Emel Mathlouthi's 2007 song My Word is Free was taken up as an anthem by Tunisian protestors in 2012.
Her lyrics included these lines: “We are free men who are not afraid. We are the secrets that never die. And we are the voice of those who resist.”
What happened in Tunisia was arguably the first domino in the so-called Arab Spring. By then, Mathlouthi was living outside Tunisia, her home — she had been censored by the former Tunisian regime. But she was free in Europe, in France — in her adopted hometown: Paris.
The massacre at satirical magazine Charlie Hebdo shocked Mathlouthi, just as it shocked most everyone else. “It was so unexpected that something that violent [could] happen in the heart of Paris. We’re all in danger: Religions, colors, human rights are in danger,” she says.
Mathlouthi was in New York recently. And the attack on Charlie Hebdo was forcing her to re-assess what she’d taken for granted in Paris: freedom of expression. “It’s about this big threat of terrorism that is standing on the whole world, no matter what the reason is.”
Art as provocation
But she doesn’t plan to sing about this big threat, not explicitly. She doesn’t see her job as fighting back directly. There’ll be no “My Word is Free” directed at ISIS or the like. There’ll be no song to strike back at terrorism — no song like “Tyrant,” in which she sang: “Kill me, and I will write songs. Wound me, and I will sing stories. Give me more suffering. It will warm up my winter.”
“I don’t think we should push or throw oil on the fire,” she says. “Art is very important, [but] not necessarily to be violent, because there are many ways of singing [and] there are many ways of being an artist. I don’t see it necessarily as a way of provoking just to provoke. I see art as a very revolutionary way to change mentalities.”
Mathlouthi’s response to what happened at Charlie Hebdo is, more than anything else, compassionate — hopeful even, about what art might be capable of doing. “Not everybody has access to creation,” she says. “I’m saying that because one of the terrorists used to be a rapper. And maybe he needed to be embraced by a community, an artistic community.”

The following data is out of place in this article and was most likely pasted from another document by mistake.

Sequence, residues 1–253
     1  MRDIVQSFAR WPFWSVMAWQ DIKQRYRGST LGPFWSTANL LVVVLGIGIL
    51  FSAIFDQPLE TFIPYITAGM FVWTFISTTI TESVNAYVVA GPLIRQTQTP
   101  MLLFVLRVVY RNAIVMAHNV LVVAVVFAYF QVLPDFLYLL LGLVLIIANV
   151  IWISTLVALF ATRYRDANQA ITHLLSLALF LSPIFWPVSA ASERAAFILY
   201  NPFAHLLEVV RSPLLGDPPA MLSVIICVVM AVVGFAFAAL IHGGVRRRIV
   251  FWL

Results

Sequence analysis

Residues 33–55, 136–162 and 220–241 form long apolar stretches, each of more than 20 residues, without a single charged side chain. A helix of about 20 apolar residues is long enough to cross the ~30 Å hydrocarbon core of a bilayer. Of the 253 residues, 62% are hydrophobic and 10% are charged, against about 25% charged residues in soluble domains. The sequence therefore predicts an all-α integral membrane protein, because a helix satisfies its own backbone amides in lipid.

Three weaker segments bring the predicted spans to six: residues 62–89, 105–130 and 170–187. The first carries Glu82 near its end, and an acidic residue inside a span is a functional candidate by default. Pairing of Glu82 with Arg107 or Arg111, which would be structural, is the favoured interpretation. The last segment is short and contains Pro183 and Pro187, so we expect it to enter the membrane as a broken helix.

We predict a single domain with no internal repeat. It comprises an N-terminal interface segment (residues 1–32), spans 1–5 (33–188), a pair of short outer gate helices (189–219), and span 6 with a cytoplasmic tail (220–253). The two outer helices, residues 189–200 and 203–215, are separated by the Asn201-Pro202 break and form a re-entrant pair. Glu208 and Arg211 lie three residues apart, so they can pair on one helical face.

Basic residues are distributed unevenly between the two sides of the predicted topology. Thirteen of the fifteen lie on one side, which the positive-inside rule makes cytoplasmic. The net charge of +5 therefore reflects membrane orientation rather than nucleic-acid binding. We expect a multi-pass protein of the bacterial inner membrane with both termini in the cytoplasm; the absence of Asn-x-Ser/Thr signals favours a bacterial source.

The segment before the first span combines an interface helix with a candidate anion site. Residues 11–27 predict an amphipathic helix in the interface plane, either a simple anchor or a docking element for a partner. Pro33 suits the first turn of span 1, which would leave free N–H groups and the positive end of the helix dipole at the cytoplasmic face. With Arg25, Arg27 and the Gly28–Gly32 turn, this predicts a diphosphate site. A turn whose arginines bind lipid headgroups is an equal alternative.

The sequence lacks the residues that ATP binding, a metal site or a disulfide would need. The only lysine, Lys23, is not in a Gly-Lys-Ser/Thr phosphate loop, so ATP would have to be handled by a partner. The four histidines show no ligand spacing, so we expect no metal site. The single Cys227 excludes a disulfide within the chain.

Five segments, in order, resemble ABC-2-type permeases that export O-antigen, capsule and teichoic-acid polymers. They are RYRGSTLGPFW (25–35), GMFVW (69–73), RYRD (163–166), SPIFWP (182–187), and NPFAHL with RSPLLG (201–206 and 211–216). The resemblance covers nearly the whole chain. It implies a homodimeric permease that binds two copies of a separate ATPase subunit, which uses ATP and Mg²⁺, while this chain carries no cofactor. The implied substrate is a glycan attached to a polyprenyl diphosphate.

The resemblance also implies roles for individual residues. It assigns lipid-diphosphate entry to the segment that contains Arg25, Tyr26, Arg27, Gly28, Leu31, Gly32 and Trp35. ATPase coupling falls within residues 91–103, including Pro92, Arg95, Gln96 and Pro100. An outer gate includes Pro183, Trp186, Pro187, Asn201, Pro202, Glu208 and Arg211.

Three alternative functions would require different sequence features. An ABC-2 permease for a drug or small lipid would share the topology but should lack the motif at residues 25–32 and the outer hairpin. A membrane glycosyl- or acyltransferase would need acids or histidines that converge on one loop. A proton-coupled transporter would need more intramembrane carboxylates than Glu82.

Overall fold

Maybe that’s true, although it feels like a big leap of faith to suggest that music might have changed the decisions those young men made. But Mathlouthi’s insistance that the Charlie Hebdo attackers are “victims” too, who made the mistake of getting involved with “evil gurus.” “But imagine if they can keep the music and the art — and for sure they will choose another way than just becoming a foolish, stupid, crazy terrorist,” she argues.
Cause for optimism
Writing explicitly about Tunisia, about the immediate state of her own country, Mathlouthi says her songs used to be more self-consciously melancholic. This is a difficult moment too, in Paris and Copenhagen and beyond, and the singer wonders aloud if she’s optimistic about the future.
These are times of troubled waters, she says, quoting one of her heroes. Besides Simon and Garfunkel, Emel Mathlouthi reveres Joan Baez and Dylan—protest singers joined with her across decades. But Mathlouthi's no longer protesting what's wrong with the world. Instead, she wants to give oxygen to what's right.
So: is she optimistic? If you wait a second, and let her decide, she’ll tell you that, ultimately, she is. After all, what good is the alternative?